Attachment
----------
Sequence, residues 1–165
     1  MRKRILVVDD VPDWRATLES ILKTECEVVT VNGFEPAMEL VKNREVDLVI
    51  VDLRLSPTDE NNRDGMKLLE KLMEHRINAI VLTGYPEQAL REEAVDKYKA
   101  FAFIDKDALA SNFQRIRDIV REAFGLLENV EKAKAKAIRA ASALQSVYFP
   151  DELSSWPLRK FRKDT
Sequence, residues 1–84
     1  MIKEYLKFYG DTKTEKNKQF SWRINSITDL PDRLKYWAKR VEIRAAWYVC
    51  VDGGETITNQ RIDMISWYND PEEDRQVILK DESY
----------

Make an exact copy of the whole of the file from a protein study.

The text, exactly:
Sequence, residues 1–165
     1  MRKRILVVDD VPDWRATLES ILKTECEVVT VNGFEPAMEL VKNREVDLVI
    51  VDLRLSPTDE NNRDGMKLLE KLMEHRINAI VLTGYPEQAL REEAVDKYKA
   101  FAFIDKDALA SNFQRIRDIV REAFGLLENV EKAKAKAIRA ASALQSVYFP
   151  DELSSWPLRK FRKDT
Sequence, residues 1–84
     1  MIKEYLKFYG DTKTEKNKQF SWRINSITDL PDRLKYWAKR VEIRAAWYVC
    51  VDGGETITNQ RIDMISWYND PEEDRQVILK DESY